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The socio-economic gap in educational achievement remains wide and intractable despite numerous attempts to address it. Social class is the strongest predictor of educational attainment. Whether it is because your parents can pay your rent during an internship, use their contacts to secure work experience or simply provide a lifestyle that familiarises you with the predominantly middle-class worlds of higher education and elite progressions, who your parents are will have a bigger impact on your life chances than your ability.

Young people from low-income backgrounds need better formal and informal support to help them traverse this gap, make decisions about progression and ultimately have fulfilling careers. The RSA is exploring how civil society organisations can support disadvantaged young people in both educational attainment and progression into the workplace.

In order to develop this work, in early 2011 the RSA held a series of focus groups with young people and practitioners in Further Education (FE) colleges. This research supported the development of a mentoring partnership between the RSA and the FE sector. But the research also provided insight into the perspectives of young people and their teachers about the difficulties that young people from low-income backgrounds face when making crucial decisions about education and careers. These perspectives, supported by a literature review and desk research, are shared in this paper.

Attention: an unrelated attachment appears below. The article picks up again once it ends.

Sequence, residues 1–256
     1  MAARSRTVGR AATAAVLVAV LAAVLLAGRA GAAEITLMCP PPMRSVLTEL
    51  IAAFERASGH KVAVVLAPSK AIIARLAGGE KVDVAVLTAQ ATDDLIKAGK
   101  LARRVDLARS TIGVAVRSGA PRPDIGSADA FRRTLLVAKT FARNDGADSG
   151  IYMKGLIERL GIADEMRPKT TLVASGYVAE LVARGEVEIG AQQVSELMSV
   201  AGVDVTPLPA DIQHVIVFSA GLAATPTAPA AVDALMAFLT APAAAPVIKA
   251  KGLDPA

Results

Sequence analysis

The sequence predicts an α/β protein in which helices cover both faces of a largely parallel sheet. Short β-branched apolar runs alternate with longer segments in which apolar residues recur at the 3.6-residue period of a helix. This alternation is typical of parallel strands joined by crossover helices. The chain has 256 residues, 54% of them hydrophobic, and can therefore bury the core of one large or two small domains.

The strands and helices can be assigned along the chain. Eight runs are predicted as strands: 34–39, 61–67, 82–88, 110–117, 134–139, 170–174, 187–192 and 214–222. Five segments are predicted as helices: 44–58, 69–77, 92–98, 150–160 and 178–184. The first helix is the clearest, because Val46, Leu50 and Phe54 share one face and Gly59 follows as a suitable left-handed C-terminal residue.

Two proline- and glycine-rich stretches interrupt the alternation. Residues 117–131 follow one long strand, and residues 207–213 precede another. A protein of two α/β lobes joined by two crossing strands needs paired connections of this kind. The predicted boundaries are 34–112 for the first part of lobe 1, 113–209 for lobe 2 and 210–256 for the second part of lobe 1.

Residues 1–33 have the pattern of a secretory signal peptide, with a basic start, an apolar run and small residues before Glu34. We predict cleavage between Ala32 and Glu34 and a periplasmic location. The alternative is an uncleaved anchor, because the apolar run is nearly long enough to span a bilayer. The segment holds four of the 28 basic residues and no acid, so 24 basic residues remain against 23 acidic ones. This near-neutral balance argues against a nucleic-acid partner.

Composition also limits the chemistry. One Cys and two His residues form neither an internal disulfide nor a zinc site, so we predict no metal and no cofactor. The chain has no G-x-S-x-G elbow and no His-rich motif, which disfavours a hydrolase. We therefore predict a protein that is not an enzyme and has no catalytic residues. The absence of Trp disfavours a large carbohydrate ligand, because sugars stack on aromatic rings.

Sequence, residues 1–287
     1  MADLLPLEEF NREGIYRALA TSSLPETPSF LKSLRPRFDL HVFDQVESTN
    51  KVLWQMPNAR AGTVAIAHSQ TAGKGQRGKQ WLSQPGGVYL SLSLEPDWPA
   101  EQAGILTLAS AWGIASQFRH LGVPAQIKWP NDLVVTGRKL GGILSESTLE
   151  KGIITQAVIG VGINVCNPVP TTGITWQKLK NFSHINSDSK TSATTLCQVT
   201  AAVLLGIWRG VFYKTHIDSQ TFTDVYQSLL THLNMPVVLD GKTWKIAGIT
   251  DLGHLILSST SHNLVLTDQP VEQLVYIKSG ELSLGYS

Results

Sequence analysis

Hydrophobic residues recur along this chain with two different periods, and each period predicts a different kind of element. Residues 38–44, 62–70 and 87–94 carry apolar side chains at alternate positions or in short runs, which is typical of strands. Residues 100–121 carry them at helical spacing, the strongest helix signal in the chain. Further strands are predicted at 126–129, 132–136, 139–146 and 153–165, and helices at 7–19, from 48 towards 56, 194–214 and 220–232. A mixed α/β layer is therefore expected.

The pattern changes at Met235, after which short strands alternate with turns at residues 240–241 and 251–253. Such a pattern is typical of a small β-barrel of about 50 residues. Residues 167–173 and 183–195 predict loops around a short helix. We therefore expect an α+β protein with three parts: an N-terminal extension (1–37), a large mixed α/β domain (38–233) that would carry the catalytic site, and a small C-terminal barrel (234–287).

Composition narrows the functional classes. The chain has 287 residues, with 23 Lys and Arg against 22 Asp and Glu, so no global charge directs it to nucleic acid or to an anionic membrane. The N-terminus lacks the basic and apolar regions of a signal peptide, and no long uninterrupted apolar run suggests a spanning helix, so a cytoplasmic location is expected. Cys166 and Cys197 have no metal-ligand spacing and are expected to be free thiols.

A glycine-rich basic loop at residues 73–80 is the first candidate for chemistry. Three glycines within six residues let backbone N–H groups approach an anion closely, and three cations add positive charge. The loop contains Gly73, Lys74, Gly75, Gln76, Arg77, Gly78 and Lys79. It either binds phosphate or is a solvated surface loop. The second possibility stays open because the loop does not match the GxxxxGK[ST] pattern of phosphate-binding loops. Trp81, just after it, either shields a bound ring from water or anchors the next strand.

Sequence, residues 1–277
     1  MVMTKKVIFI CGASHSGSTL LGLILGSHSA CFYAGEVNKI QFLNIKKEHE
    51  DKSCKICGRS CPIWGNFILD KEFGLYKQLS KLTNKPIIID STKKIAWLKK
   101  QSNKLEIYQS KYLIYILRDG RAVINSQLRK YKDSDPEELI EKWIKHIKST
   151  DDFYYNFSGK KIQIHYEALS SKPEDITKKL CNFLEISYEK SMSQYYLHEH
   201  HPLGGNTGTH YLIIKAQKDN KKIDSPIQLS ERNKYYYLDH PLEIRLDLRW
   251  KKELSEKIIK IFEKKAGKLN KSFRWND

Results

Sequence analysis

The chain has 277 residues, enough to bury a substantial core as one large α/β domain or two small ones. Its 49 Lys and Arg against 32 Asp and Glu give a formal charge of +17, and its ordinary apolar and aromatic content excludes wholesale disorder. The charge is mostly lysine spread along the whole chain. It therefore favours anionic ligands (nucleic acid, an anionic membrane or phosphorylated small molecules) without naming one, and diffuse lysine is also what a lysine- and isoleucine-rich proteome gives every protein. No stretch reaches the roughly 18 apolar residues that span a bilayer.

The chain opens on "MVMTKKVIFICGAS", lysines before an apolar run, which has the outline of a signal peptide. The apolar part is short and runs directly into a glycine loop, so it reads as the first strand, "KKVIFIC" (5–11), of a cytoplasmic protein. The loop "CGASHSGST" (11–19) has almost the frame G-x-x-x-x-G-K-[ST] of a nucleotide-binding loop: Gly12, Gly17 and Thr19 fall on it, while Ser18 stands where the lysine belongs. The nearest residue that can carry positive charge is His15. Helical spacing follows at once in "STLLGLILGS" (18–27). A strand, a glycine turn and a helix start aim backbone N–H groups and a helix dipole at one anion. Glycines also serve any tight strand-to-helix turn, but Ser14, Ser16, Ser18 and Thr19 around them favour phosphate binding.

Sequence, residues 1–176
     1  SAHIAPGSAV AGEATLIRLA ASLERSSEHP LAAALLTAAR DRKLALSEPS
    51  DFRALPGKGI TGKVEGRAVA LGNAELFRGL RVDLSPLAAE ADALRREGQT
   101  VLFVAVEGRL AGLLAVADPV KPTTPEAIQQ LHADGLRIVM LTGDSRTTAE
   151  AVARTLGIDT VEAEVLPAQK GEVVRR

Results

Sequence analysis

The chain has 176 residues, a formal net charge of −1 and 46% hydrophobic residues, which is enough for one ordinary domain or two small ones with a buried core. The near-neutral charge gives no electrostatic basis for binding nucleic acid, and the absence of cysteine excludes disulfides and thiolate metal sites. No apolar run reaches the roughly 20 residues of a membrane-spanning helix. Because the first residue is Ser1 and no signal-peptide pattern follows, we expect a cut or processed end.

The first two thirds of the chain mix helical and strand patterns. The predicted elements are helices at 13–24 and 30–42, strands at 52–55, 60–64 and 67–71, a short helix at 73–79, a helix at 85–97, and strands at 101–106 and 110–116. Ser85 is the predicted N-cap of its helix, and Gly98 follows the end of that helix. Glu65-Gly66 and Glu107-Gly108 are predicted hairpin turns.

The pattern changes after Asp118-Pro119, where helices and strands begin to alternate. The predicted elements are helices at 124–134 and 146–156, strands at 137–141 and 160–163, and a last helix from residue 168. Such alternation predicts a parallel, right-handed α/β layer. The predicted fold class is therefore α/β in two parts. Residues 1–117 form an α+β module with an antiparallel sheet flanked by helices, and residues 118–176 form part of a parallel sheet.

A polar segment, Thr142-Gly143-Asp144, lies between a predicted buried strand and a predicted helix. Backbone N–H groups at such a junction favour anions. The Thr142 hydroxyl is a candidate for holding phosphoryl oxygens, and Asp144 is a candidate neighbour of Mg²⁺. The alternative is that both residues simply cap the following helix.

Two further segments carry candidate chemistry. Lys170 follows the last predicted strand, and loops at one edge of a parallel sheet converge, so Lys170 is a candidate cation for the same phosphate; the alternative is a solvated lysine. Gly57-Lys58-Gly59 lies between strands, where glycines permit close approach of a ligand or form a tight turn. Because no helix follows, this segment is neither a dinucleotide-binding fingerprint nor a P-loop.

Our research focuses on the FE sector because this is where a majority of young people from lowincome families are concentrated in their post-16 studies. Working well, the FE sector can support disadvantaged young people into fulfilling careers, perhaps via higher education. But at the moment the sector is constrained in this role due to its comparative under-funding, lack of policy attention and low status compared to higher education and school sixth forms. This paper describes the barriers that the young people we spoke to face when progressing in education and the workplace, and supported by existing research provides suggestions for how the FE sector can better support them.

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